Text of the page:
Rehab Center Uses Llamas To Help Comfort Residents
After a visit with the llamas, the patients' blood pressure is lower.
You've probably heard of therapy dogs providing comfort and support to people, but therapy llamas? Might be a stretch.
But, that's just what patients at the Stockdale Residence and Rehabilitation Center in San Antonio, TX got to experience last week when farmer Carol Rutledge brought a duo of llamas in to spread some holiday cheer.
Carol Rutledge (R) with daughter Zoe and friend.
The residents were overjoyed to get some one-on-one time with the 300-pound animals, including Bill Smallwood, who was disabled from a motorcycle accident. While Smallwood is mostly non-verbal, when he sees the llamas he murmurs and makes noises similar to words. He was all smiles as he ran a brush through the llama's thick fur.
Rutledge's daughter Zoe has been working on a school project for a science competition where she measures the blood pressure of the residents before and after bringing the llamas in for a visit. Most of the time, their blood pressure was lower after the llamas left, and they seemed to be happier overall.
Bobbie West, the center's activities director, said she's seen the positive effects of the llama visits in action.
"They love the llamas," she told the New York Times . "One lady, she can be in the foulest of moods, and when the llamas come, she just gets a whole new aura to her."
While llama therapy certainly seems to be successful, Hal Herzog, an anthrozoologist and professor at Western Carolina University, thinks the research is too limited to say for sure. He says there's a big difference between what the public believes about working with therapy animals and what the science shows.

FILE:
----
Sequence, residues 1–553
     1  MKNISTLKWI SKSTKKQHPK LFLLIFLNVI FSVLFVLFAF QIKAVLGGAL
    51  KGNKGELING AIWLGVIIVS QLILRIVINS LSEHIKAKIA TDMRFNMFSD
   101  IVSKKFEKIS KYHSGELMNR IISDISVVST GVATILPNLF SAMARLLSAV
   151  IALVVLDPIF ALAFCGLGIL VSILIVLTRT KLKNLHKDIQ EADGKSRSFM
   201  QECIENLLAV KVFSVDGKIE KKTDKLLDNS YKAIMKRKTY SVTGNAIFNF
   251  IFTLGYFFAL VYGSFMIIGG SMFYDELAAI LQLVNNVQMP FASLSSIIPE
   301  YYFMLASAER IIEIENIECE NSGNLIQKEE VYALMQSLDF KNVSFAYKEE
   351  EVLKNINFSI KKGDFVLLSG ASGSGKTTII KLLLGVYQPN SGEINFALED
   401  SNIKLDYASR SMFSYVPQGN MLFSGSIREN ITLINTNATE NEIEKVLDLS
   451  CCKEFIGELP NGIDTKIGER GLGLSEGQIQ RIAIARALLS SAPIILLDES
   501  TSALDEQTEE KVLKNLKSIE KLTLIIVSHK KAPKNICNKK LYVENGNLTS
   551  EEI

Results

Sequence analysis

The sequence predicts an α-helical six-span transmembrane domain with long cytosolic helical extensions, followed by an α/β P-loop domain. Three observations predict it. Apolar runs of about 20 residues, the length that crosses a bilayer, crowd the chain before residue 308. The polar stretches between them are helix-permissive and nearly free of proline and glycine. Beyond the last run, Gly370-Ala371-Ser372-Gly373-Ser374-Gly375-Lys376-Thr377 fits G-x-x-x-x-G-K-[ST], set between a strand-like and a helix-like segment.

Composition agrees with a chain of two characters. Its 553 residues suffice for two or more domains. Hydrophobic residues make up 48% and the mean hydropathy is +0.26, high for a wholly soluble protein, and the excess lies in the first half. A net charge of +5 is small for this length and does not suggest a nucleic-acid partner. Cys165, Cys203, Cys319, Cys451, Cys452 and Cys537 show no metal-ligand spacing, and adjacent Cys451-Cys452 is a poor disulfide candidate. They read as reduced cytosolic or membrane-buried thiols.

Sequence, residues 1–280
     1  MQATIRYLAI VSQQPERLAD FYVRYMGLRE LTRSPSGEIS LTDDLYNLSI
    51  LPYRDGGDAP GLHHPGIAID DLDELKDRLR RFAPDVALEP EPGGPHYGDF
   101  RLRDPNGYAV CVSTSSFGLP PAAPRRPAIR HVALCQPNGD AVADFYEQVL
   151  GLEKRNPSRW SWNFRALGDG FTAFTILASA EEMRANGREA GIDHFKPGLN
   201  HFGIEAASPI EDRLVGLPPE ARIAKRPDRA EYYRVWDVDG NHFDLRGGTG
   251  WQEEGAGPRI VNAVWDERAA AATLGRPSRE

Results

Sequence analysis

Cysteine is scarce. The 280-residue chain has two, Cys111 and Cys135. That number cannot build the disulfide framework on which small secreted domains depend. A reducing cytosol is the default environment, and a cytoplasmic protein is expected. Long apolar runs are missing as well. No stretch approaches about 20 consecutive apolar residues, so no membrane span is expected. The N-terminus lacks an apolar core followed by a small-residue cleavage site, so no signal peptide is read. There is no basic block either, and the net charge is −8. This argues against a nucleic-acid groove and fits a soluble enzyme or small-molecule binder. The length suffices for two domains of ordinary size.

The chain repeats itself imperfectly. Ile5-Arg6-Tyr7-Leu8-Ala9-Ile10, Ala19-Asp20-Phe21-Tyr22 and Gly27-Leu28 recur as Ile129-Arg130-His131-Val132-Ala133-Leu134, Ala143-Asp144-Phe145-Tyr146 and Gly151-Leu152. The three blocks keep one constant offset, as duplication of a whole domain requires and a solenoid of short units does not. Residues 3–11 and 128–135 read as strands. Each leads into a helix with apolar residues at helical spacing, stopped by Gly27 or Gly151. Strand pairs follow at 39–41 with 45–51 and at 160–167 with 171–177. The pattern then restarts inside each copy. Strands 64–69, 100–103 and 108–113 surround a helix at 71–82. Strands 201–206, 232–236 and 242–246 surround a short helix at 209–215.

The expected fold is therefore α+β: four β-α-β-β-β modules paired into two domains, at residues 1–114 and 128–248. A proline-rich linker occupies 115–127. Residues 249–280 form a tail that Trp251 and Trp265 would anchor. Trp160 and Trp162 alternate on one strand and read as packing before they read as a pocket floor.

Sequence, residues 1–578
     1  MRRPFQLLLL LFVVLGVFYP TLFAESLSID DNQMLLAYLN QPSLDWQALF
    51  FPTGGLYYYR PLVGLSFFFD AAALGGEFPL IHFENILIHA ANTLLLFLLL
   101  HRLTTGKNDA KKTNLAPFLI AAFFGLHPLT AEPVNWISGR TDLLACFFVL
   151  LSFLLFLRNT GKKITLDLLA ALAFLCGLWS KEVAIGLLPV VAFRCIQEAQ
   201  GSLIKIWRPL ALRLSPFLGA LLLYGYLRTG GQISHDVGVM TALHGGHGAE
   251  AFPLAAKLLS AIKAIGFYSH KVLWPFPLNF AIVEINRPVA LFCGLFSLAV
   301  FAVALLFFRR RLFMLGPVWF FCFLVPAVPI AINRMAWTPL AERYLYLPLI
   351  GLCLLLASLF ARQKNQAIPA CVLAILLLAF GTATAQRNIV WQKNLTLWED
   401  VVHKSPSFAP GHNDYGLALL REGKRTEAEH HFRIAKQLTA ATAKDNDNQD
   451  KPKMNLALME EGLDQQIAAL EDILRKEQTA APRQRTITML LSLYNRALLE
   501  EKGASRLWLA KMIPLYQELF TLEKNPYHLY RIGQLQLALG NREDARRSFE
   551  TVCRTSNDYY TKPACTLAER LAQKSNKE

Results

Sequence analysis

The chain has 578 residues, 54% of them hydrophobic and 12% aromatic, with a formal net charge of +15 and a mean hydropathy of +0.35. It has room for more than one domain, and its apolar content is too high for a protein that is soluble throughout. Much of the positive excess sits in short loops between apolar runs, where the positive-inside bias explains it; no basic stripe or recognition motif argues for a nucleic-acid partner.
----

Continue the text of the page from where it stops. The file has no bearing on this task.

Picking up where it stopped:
"The evidence for the short-term, probably transient, effects of interacting with animals in nursing homes or for autistic kids is quite good, petting a dog, or interacting with a llama, stress levels go down," Dr. Herzog said. "But when we think of therapy, we think about long-term treatment, and I think the evidence for that is mixed."
While Herzog agrees that if the outcome of people interacting with llamas makes them feel better, then it's a good thing, but he wouldn't necessarily call it therapy.
Zoe says it's important to choose the right animals for the job. Out of the 13 llamas and alpacas that are on her parents' farm, only three have passed the qualifying exam to become registered therapy animals.
"You look for the ones that are mellow and calm," she said.
Therapy or not, it's hard not to smile at the gentle, doe-eyed creatures that seem to love getting hugs and have the softest fur. Just ask the residents at the Stockdale Center, who can't stop grinning and laughing when they're around.
"I think they're darling," one elderly woman said. "I love them."
Inspired to work with therapy animals after reading this story? Check out Pet Partners, a national organization that offers opportunities to learn more about the field, volunteer your own pet as a therapy animal, or donate to keep the program running .
Let's #StartSomethingGood together.
(Source: images Stockdale Residence & Rehab Center Facebook )